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Brief Report   |    
Prevalence Estimates of Problem and Pathological Gambling in Hong Kong
Irene L.K. Wong, Ph.D., M.Soc.S.; Ernest M.T. So, M.Phil.
Am J Psychiatry 2003;160:1353-1354. doi:10.1176/appi.ajp.160.7.1353

Abstract

OBJECTIVE: This government-commissioned survey gauged the prevalence of problem and pathological gambling in the general population of Hong Kong and advised the government on preventative and treatment services. METHOD: A modified Chinese version of the DSM-IV Gambling-Behavior Index was administered to 2,004 Hong Kong residents by means of telephone interviews. The respondents were recruited through random sampling. RESULTS: Results showed that 4.0% and 1.8% of the respondents could be classified as problem and pathological gamblers, respectively. Significant differences between the survey sample and the respondents classified as problem and pathological gamblers were found in sex and education. The predictors of problem and pathological gambling were sex, education level, family income, and three specific forms of gambling: betting on horse racing, soccer games, and casino games. CONCLUSIONS: Survey results promoted preventative and treatment services.

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Pathological gambling was first classified as a disorder of impulse control in DSM-III. Physiological dependence was emphasized in the operationalization of pathological gambling in DSM-III-R in 1987. Ten diagnostic criteria for pathological gambling were provided in DSM-IV in 1994. Three dimensions were identified, namely, loss of control, dependence, and damage to areas of one’s life. The cutoff for pathological gambling was meeting five criteria. Individuals meeting three or four criteria were classified as problem gamblers and potential pathological gamblers. The data gathered in this study and the findings presented here were based on DSM-IV criteria.

This article reports the results of a survey on the current prevalence of problem and pathological gambling in the general population of Hong Kong. The findings show that a considerable proportion of the region’s population has problems with gambling and that high-risk groups can be identified. The survey results have implications for prevention and treatment services.

Respondents were interviewed with a computer-assisted survey team, a survey research group with expertise in telephone interviews. Respondents were recruited with random-digit dialing and random selection of respondents within households. Interviews were conducted between 6:00 p.m. and 10:00 p.m. during May 9–19, 2001. Respondents’ informed consent was obtained after the procedures had been fully explained. Each number was called up to six times before the subject was dropped from the study. The response rate was 57.4%, which is comparable to response rates in telephone surveys on other topics in Hong Kong. There were no apparent differences between the respondents and the nonrespondents as far as socioeconomic characteristics are concerned. The statistical error associated with the overall sample ranged from 2.2% to –2.2% (95% confidence interval [CI]).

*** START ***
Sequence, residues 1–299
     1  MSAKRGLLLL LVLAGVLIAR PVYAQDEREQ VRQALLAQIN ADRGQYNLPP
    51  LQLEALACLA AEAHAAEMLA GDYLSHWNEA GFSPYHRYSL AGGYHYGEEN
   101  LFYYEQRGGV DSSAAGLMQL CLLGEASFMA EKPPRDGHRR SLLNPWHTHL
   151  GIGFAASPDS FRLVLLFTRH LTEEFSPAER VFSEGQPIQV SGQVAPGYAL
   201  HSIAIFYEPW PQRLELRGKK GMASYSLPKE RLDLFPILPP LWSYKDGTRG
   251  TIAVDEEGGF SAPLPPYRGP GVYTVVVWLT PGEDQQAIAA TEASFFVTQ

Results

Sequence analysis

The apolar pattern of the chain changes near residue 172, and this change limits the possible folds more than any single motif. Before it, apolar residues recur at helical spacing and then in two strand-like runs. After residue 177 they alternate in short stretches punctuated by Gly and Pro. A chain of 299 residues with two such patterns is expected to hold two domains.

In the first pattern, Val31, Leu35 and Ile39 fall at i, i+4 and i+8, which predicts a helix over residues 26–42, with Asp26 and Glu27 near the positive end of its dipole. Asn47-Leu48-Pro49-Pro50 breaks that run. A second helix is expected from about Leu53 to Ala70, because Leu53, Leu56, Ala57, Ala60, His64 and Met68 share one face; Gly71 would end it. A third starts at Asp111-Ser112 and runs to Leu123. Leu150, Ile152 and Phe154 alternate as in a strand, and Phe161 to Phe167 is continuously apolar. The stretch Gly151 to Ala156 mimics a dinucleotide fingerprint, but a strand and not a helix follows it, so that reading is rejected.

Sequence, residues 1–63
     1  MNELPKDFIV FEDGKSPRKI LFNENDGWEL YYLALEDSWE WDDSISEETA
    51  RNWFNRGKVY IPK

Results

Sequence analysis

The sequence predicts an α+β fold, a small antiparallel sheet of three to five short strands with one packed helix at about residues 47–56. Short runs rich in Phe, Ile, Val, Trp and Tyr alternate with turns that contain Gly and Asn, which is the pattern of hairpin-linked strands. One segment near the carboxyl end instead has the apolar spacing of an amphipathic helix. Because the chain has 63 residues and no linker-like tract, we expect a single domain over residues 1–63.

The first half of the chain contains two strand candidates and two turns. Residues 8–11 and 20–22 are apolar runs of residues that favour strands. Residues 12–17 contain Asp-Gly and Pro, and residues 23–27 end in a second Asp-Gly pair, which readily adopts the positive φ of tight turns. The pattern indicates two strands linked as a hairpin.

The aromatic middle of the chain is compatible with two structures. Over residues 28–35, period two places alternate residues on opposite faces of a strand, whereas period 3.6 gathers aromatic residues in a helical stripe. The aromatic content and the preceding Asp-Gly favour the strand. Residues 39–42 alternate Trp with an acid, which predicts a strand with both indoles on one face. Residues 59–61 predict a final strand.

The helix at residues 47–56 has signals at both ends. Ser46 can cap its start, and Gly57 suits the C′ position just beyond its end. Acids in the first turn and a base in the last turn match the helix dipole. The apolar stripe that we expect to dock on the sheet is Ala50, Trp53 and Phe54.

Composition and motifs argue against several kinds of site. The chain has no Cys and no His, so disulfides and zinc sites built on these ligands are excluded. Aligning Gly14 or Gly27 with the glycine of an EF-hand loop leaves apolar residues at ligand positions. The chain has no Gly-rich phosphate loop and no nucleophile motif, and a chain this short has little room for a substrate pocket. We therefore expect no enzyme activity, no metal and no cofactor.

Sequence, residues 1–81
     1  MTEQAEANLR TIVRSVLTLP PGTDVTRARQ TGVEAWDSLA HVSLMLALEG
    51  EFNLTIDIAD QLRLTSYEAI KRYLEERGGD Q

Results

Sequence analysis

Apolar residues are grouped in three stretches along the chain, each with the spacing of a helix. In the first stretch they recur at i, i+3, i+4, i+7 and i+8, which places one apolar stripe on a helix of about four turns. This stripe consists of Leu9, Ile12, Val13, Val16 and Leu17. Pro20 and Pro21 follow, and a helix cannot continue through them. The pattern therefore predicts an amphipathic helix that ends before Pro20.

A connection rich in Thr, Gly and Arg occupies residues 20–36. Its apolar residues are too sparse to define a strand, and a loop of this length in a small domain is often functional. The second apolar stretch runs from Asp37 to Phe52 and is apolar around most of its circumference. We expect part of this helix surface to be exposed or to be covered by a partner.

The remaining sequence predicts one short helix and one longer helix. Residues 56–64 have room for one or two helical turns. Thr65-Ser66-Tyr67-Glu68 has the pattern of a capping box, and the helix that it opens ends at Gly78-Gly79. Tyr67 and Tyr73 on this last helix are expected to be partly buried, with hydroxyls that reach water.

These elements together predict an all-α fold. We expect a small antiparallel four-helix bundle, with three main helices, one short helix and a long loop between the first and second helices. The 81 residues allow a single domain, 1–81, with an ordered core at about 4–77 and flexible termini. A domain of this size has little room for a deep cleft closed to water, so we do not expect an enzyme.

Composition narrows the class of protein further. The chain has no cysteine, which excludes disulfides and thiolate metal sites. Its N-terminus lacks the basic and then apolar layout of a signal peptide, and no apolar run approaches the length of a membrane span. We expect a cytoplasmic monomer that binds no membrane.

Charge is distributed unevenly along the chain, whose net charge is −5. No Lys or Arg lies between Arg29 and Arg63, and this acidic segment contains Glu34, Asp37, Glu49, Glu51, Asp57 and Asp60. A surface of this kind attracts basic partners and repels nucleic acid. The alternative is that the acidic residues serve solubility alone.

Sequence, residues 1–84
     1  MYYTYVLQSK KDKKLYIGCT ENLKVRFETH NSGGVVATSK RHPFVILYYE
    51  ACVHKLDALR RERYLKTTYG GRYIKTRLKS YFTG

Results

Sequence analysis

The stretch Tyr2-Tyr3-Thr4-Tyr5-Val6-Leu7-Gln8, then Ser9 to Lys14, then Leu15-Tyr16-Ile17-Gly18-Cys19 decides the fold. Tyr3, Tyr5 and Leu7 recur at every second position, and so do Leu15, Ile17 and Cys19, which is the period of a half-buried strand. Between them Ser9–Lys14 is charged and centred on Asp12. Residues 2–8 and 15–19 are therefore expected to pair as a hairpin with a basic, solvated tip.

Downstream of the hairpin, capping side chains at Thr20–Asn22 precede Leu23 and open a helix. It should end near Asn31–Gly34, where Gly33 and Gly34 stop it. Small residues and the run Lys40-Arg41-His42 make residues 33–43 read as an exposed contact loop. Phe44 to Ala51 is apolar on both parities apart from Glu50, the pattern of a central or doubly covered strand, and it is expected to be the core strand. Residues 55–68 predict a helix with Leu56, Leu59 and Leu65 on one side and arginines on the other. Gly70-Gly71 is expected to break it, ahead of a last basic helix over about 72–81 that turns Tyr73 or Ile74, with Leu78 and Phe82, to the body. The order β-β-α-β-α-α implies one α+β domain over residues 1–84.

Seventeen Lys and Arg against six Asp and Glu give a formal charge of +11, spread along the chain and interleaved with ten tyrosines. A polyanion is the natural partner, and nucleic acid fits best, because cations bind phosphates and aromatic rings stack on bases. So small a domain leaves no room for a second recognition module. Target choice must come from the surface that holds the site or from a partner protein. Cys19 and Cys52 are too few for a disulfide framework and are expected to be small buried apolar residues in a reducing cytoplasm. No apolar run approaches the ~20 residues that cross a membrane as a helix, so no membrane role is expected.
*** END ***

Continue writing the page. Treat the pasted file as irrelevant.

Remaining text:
The DSM-IV Gambling-Behavior Index was modified and translated into Chinese. Our deviation from the original index was that two questions related to the ninth criterion were used to gather data on damage to relationships and study or work, respectively. Total scores ranged from 0 to 10.

The cutoff for problem and pathological gambling was a score of 3 or 4 and a score of 5, respectively. A short questionnaire was included to explore the respondents’ socioeconomic status (e.g., sex, age, education, and family income).

One-half (50.1%) of the 2,004 respondents (N=1,004) were women, and 49.9% (N=1,000) were men; 9.5% (N=190) were adolescents ages 15–17, and 83.5% (N=1,673) were adults ages 18–55. Another 7.0% (N=140) were ages 56–64. The survey sample was comparable (through t test analyses) to 2001 census figures (1) for gender and age.

Eighty-one of the respondents (4.0% of the sample) scored 3 or 4 on the Chinese DSM-IV Gambling-Behavior Index and were classified as problem gamblers. Thirty-seven of the respondents (1.8% of the sample) scored 5 or higher on the same index and were classified as pathological gamblers. On the basis of these results, it was estimated that 158,221 to 242,353 Hong Kong residents ages 15–64 years can be classified as problem gamblers, and another considerable proportion of the population, i.e., 65,171 to 116,523 residents, can be categorized as probable pathological gamblers.